How can I keep serving?

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Imagine going round a stately home and seeing an old-fashioned mangle in the kitchen. Many of us have done that at one time or another and we’ve explained to our children what they were for and we’ve been glad we no longer have to use one! But how often as we get older, do we feel like that forgotten and unappreciated mangle? How much do we feel that we used to be able to serve God and play our part in the church, but now we are no longer useful and simply outdated?

 

 

Many of us have been involved in the church for a long time, we’ve led youth groups, Sunday clubs and homegroups. We’ve organised coffee rotas, lunch clubs and helped other people, but we have had to give these things up because we can no longer do them and younger people have taken over. So, does that make us like mangles, relegated to the side-lines, of historical interest but no use today?

 

Well, if you do feel like that, you can be encouraged because that is certainly not how God feels about you! The Bible shows us that God often uses older people to achieve his purposes. For example, Abraham was called when he was 75, Moses was in his 80s when he returned to Egypt to challenge Pharaoh and Daniel was probably 80 when he was thrown into the lion’s den. And it should be noted that all three continued serving God for many years more.

 

In case you’re thinking, ‘Well that was then’, there are lots of more recent examples too. These include Billy Graham who was still speaking at age 88, Corrie ten Boom who appeared in a film of her life when she was 86 and John Stott who preached his last sermon aged at the same age.

 

You may now be objecting, ‘Well they are exceptional people, of course God would use them!’ But it is not only well-known Christians that God uses into their old age. I know several people who have served as missionaries or become vicars after retirement from other jobs.

 

However, if I’m honest, I still find it easy to think of those types of people as exceptional people with exceptional gifts and that ‘ordinary’ older people like me cannot be used. But actually, if we stop to think about it, we probably all know of ‘ordinary’ elderly people who still serve God even though they may do it in different ways to their past service. I think of a woman in her 80s, who is respected and valued in the church for regularly and faithfully praying for people. I think too of those who befriend the elderly and minister to them as their contemporaries which means they can relate to them and empathise with them in a way young people can’t. I think of those who meet with young people to mentor them and to give them the benefit of their experience of Christ throughout their lives. This week I heard of a 98 year old who invited her friend to a course about Christianity. The friend accepted the invitation, came to faith and died a week later as a Christian. The things we can do may seem small and insignificant, but God can use what we do for his glory.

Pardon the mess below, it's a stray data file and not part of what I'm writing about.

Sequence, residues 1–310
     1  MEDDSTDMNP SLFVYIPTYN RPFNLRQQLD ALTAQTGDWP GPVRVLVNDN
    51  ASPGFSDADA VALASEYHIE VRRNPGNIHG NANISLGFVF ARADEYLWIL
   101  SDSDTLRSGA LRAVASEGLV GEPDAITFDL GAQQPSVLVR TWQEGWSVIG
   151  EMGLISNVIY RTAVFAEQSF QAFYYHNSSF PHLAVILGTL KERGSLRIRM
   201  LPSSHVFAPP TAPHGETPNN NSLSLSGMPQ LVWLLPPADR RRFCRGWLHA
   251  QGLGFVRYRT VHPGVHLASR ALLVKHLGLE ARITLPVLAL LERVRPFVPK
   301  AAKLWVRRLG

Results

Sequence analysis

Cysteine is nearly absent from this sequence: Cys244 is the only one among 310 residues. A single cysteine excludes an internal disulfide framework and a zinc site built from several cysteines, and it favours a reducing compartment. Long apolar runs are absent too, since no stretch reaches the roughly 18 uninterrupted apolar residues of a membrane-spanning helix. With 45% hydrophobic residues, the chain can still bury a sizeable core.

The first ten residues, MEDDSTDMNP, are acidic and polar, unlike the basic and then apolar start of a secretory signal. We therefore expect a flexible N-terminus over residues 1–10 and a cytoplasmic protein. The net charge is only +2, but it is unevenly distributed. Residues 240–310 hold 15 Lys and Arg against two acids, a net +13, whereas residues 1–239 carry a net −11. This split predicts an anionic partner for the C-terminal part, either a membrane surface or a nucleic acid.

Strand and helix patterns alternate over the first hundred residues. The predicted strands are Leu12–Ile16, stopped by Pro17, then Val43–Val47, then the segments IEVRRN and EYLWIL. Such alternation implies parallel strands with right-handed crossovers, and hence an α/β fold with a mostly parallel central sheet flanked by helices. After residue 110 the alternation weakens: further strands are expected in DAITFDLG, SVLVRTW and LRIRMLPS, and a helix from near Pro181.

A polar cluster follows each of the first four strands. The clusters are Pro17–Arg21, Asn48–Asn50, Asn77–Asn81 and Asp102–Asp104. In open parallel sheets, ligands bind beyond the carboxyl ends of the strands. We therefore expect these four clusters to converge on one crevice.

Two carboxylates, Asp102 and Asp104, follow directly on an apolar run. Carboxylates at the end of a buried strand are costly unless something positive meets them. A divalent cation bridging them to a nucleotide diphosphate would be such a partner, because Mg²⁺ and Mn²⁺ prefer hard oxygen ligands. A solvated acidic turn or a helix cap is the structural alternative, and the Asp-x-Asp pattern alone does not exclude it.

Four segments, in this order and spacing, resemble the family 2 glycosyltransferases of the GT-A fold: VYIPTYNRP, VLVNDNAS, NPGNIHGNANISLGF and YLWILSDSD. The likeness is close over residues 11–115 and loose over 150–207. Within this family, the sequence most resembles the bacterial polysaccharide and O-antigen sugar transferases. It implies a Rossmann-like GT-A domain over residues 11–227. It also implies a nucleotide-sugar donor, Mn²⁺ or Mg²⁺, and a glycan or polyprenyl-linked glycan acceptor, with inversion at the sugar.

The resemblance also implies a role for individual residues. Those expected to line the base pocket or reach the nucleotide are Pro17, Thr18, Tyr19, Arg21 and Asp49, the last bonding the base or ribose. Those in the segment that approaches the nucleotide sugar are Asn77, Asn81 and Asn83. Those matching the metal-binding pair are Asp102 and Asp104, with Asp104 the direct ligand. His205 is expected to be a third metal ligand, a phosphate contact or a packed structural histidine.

The truth is that however old we are, Jesus’ words about bearing fruit still apply to us, ‘‘You did not choose me, but I chose you and appointed you so that you might go and bear fruit – fruit that will last.’  As we continue to abide in Christ, we can and should continue serving him and bearing fruit in whatever way we can. Notice however, that there is no age restriction or retirement date on bearing fruit.

 

In his very helpful book ‘Fruitfulness on the Frontline’ Mark Greene explains some of the ways we can bear fruit even as older people. He specifically mentions those who are housebound, ‘Even if we are housebound and living alone there are still opportunities to extend grace to the people who come to our door, the people who call us up and that’s fruit.’ (Mark Greene, Fruitfulness on the frontline (IVP, 2014) p.39)

 

He also tells the story of a grandmother who explained to her homegroup that she could not be useful like the younger people in the group. However, she mentioned that she spoke to her 23 year old grandchild every week about what she had learnt at church. As they listened to her, the group began to realise that she had a regular opportunity to talk to a 23 year old who was ‘right slap bang in the middle of the age group that the church in the UK is finding hardest to reach.’  (ibid. p.28)

 

 

Or again, one older woman decided that her frontline was the local supermarket and she set off to develop relationships with the staff and ‘now when she goes into the shop two of the staff tend to give her a hug.’ (Ibid. p. 123) Not so easy in Covid times, but you get the picture!

 

The good news is – to return to the illustration at the start – that none of us are mangles. None of us were just useful in the past but now replaced and of no use today. So, let’s ensure we keep relying on Christ, abiding in him and asking that he will bear fruit in us and through us that will bring glory to him.

Questions

  • How much are you encouraged by looking at the ministries of older people in the Bible such as Abraham, Moses and Daniel?
  • How much can you continue in the ministries you have?
  • Are there any new areas you can get involved in?
  • How can we ensure we are abiding in Christ so we can bear fruit? (John 15)
  • Where are your frontlines? How can you seek to bear fruit in them?